News24

Food costs pushing millions into poverty

2011-04-15 13:23

Washington - Soaring food and energy prices, still-fragile financial systems and continued tensions between the United States and China over trade and currency issues will all be on the agenda at meetings over the next three days of global finance officials.

World Bank President Robert Zoellick said on Thursday that food prices are 36% higher than they were a year ago and already have pushed 44 million people into poverty.

He called on major countries to do more to help poor countries meet the challenge of feeding their populations at a time of surging prices.

Finance ministers and central bank presidents of the Group of 20 major industrial countries were involved in talks that began on Thursday on ways to address the food crisis and to better co-ordinate their economic policies.

Zoellick cited a new World Bank study that showed that another 10% increase in global food prices could drive an additional 10 million people into extreme poverty.

That would be in addition to the 44 million people who have been driven into poverty since June because of soaring food prices. The World Bank estimates there are about 1.2 billion people living below the poverty line of $1.25 per day.

Support for north Africa

"We have to put food first and protect the poor and vulnerable, who spend most of their money on food," Zoellick said at a briefing to preview the upcoming finance meetings.

Those discussions began on Thursday with talks first among finance officials of the world's seven wealthiest countries - the United States, Japan, Germany, France, Britain, Canada and Italy.

Those countries were joined later by finance officials from the Group of 20 nations, which include not only the traditional economic powers but fast-growing emerging economies, including China, India and Brazil.

French Finance Minister Christine Lagarde and US Treasury Secretary Timothy Geithner also led a discussion on how the major economies could provide support in the Middle East and North Africa following a change of governments in Tunisia and Egypt.

In a joint statement issued after those talks, Geithner and Lagarde said the goal of the major economies would be to work with major financial institutions such as the International Monetary Fund and World Bank to support economic growth that would benefit a broader group of people in Egypt and Tunisia.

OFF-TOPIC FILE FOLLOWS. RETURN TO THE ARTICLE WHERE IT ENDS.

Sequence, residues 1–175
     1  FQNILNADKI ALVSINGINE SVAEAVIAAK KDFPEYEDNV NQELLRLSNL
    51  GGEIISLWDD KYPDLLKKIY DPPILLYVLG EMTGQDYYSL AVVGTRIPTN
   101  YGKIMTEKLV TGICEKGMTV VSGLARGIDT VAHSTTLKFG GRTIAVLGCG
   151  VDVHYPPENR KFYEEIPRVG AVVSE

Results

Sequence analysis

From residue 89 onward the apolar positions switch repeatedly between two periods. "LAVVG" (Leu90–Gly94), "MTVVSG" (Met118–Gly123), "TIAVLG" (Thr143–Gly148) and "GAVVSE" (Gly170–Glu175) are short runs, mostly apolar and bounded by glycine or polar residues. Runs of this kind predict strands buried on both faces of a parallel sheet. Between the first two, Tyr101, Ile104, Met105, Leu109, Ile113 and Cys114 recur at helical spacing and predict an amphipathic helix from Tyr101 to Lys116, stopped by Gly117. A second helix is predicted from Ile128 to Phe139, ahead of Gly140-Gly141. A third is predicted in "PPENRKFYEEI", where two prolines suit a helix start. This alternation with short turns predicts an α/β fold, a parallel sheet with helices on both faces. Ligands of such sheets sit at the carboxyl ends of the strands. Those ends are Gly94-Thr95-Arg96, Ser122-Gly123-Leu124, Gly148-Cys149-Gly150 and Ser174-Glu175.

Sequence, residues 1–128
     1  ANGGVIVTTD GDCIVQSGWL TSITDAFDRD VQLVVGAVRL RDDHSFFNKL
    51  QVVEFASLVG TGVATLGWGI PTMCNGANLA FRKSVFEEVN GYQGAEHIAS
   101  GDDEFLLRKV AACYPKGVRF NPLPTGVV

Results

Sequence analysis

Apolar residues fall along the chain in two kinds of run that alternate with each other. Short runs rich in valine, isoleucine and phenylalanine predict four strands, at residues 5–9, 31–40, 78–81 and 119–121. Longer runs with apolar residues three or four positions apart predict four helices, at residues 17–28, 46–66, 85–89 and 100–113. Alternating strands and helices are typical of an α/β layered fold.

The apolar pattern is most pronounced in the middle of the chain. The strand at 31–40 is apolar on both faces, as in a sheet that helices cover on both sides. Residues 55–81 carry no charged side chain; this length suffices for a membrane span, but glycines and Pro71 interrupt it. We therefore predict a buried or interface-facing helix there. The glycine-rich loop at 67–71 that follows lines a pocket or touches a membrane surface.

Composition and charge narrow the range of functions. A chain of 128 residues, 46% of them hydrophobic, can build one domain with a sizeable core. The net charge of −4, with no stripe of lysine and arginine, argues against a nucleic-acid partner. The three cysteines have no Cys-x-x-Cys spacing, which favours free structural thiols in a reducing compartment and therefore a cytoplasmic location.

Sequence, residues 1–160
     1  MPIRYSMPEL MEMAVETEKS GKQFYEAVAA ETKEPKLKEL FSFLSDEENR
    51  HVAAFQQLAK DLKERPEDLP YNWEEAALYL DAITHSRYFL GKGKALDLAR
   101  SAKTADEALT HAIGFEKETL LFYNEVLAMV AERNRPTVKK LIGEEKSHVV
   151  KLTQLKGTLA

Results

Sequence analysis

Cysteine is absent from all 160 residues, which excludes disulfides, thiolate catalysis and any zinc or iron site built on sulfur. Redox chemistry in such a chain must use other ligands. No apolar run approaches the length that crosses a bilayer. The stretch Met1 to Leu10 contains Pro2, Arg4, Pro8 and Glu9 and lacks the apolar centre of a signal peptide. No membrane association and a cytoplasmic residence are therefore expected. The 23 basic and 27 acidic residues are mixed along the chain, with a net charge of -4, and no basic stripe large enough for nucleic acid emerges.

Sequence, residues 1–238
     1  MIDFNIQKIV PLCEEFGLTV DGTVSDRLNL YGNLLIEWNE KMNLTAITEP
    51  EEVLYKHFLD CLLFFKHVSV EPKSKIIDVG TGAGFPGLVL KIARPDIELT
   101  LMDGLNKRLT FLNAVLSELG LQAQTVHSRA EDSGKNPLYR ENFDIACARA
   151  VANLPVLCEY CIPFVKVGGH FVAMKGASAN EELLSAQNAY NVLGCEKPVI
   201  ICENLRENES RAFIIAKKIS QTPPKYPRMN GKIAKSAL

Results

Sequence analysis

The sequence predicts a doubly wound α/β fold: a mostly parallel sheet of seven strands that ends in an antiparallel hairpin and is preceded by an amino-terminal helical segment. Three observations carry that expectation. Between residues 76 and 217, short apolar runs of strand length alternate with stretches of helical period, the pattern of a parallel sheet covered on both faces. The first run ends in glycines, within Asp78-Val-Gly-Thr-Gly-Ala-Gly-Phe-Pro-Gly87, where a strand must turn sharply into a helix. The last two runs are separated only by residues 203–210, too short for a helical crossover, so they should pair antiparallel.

"We recognise that these transitions are about expanding the freedoms and opportunities of people," Geithner and Lagarde said.

Joint statement

They said a joint action plan would be developed with early recommendations coming in May to support "inclusive and sustained growth, transparency and improved governance".

After a dinner on Thursday night, the G-20 discussions were to continue on Friday, led by Lagarde. France is head of the G-20 this year. The group is expected to issue a joint statement of goals at the end of Friday's discussions.

The G-20 talks will be focused on making more progress on a set of economic indicators that the group can use to gauge whether countries are pursuing the correct policies to prevent the growth of dangerous imbalances in trade and government debt which contributed to the last financial crisis.

The United States is pushing for the indicators to be set up, hoping they can be used to bring more pressure on China to allow its currency to rise in value against the dollar as a way to narrow the huge trade gap that exists between China and the US.

However, Chinese officials do not want the rebalancing process to be used as a way to attack China's currency policies, and it was unclear whether any progress will be made during the Washington talks.

But the United States hoped to gain support from other G-20 nations, especially given the group's pledge to put in place policies to guard against a repeat of the past economic crisis at a time when the global economy remains fragile.

Risks to recovery

"There are lots of things to worry about and we want to make sure we don't fall back into another crisis as we did not that long ago," Canadian Finance Minister James Flaherty told reporters.

The finance meetings will wrap up on Saturday with meetings of the policy-setting committees of the 187-nation International Monetary Fund (IMF) and the World Bank that will discuss issues involving their institutions.

IMF Managing Director Dominique Strauss-Kahn said that while the global economy began growing again last year after the most severe downturn since World War II, there still were multiple risks to the recovery from rising energy costs to continuing debt problems in Europe and new inflation dangers coming from China and other fast-growing emerging economies.

"The recovery is getting stronger but ... it is not the recovery we want because it is still imbalanced," Strauss-Kahn told reporters. "We must be aware of complacency, and we need urgent action."


Comments
  • kingswing69 - 2011-04-15 13:42

    same thing is happening here , but when the govt introduce the toll gates , everything will go up food , petrol . basically everything you need to survive , great going Govt

  • daaivark - 2011-04-15 13:45

    It doesn't require any experts to point this out. One look around you and wham, it's obvious.

  • logical007 - 2011-04-15 13:45

    "Support for north Africa" - Once again - 'Black countries' want the help of the white people. They run the country into the ground, and expect white run countries to bail them out... heaven forbid the white run country try and teach them how to run their country - oh that would be trying to take over or labled racism of some form. 'Just give'

      daaivark - 2011-04-15 14:34

      Grow up.

      piet.strydom - 2011-04-15 15:01